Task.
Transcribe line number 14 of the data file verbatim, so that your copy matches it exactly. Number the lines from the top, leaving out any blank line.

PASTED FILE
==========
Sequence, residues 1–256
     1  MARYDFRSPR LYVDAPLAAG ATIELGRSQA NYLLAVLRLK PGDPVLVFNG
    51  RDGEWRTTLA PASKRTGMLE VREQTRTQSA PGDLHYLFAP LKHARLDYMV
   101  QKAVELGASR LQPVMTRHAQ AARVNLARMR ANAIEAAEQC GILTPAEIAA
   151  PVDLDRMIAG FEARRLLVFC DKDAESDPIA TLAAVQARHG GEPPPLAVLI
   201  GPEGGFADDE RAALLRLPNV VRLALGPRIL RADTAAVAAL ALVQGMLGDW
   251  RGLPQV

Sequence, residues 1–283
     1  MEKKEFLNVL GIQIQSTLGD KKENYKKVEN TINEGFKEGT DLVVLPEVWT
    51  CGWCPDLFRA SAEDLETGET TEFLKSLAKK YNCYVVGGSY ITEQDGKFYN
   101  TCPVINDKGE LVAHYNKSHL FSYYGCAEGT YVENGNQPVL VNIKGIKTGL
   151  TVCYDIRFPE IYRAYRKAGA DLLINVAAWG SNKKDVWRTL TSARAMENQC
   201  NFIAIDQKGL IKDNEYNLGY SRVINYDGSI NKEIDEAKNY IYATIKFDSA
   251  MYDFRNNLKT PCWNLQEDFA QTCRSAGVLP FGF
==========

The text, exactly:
   251  MYDFRNNLKT PCWNLQEDFA QTCRSAGVLP FGF